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Simultaneous detection of multiple gene mutations in non-small-cell lung cancer

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Mutations in the epidermal growth factor receptor gene (EGFR) and the known Kirsten rat sarcoma viral oncogene  (KRAS) are significant drivers in the development of non-small-cell lung cancer (NSCLC). Treatment is typically guided by which mutations are present, and there are several possible mutations that can arise during treatment, so detecting them quickly and reliably is key to helping the patient. 

With NSCLC, biopsied patient samples tend to be very small, which can hamper many conventional genetic tests. Thus the ideal test in NSCLC is one that can work with minimal inputs, and test for several mutations at the same time.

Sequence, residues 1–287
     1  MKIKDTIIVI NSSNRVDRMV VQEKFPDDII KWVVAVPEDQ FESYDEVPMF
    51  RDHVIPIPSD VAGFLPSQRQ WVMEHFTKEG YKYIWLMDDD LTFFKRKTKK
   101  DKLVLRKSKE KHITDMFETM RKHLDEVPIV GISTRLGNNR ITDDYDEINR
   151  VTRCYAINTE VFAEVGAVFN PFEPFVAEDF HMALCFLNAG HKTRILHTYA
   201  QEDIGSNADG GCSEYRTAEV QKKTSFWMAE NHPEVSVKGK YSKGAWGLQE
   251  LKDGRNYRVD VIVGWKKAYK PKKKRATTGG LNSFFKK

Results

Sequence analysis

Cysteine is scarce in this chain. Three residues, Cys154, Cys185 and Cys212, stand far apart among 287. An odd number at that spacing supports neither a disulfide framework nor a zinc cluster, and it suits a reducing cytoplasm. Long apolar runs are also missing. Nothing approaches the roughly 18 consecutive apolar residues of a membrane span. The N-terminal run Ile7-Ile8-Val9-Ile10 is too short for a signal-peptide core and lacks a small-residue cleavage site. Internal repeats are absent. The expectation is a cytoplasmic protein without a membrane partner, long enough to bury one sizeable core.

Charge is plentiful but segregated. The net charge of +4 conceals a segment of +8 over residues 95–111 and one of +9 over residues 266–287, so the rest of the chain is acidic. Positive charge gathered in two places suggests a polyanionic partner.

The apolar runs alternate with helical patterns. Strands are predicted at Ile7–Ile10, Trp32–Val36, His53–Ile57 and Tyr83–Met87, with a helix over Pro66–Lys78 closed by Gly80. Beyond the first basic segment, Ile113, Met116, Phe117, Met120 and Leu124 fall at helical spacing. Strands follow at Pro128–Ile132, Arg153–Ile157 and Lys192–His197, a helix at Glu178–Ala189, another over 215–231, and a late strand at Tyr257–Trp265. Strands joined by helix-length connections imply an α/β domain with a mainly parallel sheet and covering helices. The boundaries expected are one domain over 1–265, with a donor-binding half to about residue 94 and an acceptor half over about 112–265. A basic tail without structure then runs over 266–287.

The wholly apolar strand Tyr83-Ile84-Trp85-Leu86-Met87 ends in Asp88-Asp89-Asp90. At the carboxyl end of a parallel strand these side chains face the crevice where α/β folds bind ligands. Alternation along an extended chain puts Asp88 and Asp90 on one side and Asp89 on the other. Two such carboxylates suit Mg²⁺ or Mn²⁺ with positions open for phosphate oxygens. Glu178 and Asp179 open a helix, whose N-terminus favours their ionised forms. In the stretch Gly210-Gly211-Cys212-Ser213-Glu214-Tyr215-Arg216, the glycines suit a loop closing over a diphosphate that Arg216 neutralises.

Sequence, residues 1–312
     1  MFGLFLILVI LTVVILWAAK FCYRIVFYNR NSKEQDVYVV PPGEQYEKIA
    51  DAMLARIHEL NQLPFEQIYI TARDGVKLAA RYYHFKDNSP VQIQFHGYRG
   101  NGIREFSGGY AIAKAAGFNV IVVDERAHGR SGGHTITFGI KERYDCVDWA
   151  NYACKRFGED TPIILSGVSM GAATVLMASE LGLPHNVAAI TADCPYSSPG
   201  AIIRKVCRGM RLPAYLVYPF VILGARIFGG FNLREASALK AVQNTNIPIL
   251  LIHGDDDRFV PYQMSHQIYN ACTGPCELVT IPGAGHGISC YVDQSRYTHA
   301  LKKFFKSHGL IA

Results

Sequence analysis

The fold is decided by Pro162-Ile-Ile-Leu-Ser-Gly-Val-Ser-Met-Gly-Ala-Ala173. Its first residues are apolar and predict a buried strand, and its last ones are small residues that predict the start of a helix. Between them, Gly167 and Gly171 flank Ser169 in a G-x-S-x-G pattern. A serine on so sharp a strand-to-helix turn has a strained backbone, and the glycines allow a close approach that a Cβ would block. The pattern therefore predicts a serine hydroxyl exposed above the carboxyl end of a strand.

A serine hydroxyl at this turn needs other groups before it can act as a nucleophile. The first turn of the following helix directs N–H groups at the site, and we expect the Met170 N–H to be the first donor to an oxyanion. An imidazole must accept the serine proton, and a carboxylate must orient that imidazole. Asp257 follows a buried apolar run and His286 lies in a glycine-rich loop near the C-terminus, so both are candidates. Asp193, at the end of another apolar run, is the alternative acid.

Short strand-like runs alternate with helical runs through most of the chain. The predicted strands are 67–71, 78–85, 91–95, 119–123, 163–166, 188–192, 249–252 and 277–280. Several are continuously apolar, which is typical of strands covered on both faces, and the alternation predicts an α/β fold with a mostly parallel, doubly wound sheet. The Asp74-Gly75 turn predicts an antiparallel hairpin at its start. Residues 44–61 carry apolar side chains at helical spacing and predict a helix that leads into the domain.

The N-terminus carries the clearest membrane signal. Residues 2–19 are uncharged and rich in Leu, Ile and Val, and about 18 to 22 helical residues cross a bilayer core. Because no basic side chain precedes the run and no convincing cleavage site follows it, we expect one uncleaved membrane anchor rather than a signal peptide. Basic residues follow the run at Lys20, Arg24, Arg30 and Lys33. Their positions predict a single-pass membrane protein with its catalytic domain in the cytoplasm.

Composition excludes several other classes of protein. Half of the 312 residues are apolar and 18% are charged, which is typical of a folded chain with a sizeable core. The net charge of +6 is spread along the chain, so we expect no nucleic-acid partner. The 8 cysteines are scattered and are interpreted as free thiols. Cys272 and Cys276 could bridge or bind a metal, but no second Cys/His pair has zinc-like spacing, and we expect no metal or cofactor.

This webcast will present a new liquid biopsy test using multiplexing assays that contained mutant variants. The QX ONE Droplet Digital PCR (ddPCR) System allows for automated operation and advanced multiplexing to detect mutations in EGFR and KRAS using as little as 5 ng of cell-free DNA extracted from plasma.

The speaker will address:

  • What are the key benefits to having a high-throughput, multiplexing ddPCR system?
  • Are the results the same between standard duplex reactions and multiplexed reactions?
  • What is the greatest number of samples that can be processed to results overnight on the QX200 vs the QX ONE?
This webcast has been produced on behalf of the sponsor who retains sole responsibility for content. About this content.


Hestia Mellert, Ph.D.
Sr. Director, Development
Biodesix, Inc.
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Moderator: Sarah Hiddleston
Science Journalist
Nature Research for Nature Middle East
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